Stretching and conformal bonding of organic solar cells to hemispherical surfaces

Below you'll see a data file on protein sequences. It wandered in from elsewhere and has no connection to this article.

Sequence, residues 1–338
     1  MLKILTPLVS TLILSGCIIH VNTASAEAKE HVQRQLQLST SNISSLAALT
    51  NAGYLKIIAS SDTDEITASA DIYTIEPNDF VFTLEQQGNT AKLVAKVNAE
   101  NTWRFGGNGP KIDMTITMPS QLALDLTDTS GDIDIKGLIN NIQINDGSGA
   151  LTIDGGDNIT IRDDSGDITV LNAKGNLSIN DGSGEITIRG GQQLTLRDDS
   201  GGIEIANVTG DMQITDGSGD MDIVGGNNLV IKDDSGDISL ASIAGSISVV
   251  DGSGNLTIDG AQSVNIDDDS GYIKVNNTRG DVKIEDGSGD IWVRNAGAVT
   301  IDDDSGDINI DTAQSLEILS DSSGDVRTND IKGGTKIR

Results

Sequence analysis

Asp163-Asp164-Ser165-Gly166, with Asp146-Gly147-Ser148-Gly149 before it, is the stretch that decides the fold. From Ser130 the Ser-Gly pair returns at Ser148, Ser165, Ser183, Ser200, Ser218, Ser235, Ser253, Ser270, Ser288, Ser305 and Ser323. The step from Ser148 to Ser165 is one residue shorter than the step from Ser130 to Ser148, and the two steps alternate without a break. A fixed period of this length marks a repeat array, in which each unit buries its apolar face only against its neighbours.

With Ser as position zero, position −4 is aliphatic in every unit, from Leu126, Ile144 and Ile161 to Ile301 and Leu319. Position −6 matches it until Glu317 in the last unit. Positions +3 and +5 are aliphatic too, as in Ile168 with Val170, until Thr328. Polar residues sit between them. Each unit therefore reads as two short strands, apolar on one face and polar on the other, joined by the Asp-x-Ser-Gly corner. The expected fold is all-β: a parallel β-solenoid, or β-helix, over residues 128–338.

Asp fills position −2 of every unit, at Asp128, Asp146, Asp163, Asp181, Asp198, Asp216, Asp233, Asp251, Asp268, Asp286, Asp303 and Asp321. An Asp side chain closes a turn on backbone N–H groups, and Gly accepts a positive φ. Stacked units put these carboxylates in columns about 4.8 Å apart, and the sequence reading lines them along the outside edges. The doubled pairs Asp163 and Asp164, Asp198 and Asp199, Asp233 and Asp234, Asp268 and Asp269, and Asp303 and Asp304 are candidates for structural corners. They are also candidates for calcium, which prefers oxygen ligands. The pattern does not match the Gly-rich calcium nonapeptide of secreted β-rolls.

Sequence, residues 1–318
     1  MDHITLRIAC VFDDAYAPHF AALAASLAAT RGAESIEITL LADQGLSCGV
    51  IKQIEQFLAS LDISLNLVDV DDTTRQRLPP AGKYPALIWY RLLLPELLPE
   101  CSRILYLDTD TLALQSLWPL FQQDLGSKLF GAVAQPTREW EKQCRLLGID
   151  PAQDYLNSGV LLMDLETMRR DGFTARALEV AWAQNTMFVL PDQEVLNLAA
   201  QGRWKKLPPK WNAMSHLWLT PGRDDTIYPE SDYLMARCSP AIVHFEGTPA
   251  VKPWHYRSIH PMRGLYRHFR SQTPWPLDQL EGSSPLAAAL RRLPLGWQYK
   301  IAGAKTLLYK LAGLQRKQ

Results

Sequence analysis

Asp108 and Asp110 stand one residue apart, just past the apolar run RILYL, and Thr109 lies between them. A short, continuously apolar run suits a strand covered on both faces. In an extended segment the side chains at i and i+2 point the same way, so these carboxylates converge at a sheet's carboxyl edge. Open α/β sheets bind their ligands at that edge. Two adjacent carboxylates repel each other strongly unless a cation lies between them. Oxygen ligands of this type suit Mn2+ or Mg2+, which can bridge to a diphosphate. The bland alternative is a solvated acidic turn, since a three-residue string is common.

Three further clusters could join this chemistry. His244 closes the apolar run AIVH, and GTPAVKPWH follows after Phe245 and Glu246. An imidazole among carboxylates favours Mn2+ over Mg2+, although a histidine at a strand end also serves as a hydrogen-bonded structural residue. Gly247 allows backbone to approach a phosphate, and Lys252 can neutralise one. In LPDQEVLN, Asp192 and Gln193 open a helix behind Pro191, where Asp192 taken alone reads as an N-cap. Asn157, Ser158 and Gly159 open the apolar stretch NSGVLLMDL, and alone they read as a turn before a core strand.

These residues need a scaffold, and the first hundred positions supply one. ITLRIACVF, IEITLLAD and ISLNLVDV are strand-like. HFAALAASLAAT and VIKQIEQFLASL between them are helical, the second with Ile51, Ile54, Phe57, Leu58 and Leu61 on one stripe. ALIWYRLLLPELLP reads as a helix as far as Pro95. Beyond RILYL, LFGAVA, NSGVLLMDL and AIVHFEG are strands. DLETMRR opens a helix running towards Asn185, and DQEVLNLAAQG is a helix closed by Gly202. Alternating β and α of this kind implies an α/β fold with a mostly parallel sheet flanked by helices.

This paper describes the stretching and conformal bonding (i.e., decal-transfer printing) of organic solar cells in both the “conventional” and “inverted” configurations to hemispherical glass surfaces with radii of 8 mm. This action produces equivalent biaxial tensile strains of 24%, which many materials used in organic electronic devices cannot accommodate without fracture. Consideration of the mechanical properties of conjugated polymers reveals a surprising effect of a single structural parameter—the length of the alkyl side chain—on the elasticity and ductility of regioregular polythiophene. This analysis enables selection of materials that can accommodate sufficient tensile strain for non-planar applications. For polymer–fullerene solar cells, devices based on the elastic and ductile poly(3-octylthiophene) (P3OT) exhibit typical photovoltaic properties when bonded to hemispherical glass substrates, while those based on the relatively brittle poly(3-hexylthiophene) (P3HT) exhibit extensive cracking, which degrades the photovoltaic effect significantly. The results suggest that mechanical properties should be taken into account when designing and selecting organic semiconductors for applications that demand significant deformation.